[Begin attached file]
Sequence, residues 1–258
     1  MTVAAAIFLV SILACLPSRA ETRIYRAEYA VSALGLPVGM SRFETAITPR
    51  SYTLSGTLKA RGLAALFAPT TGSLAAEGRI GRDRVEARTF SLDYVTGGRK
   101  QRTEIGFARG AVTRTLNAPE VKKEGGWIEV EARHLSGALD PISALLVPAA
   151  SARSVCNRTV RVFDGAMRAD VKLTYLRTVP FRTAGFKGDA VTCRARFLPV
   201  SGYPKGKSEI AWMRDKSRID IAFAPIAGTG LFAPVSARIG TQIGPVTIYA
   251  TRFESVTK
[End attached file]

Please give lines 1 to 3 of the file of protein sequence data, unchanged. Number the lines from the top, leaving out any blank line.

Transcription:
Sequence, residues 1–258
     1  MTVAAAIFLV SILACLPSRA ETRIYRAEYA VSALGLPVGM SRFETAITPR
    51  SYTLSGTLKA RGLAALFAPT TGSLAAEGRI GRDRVEARTF SLDYVTGGRK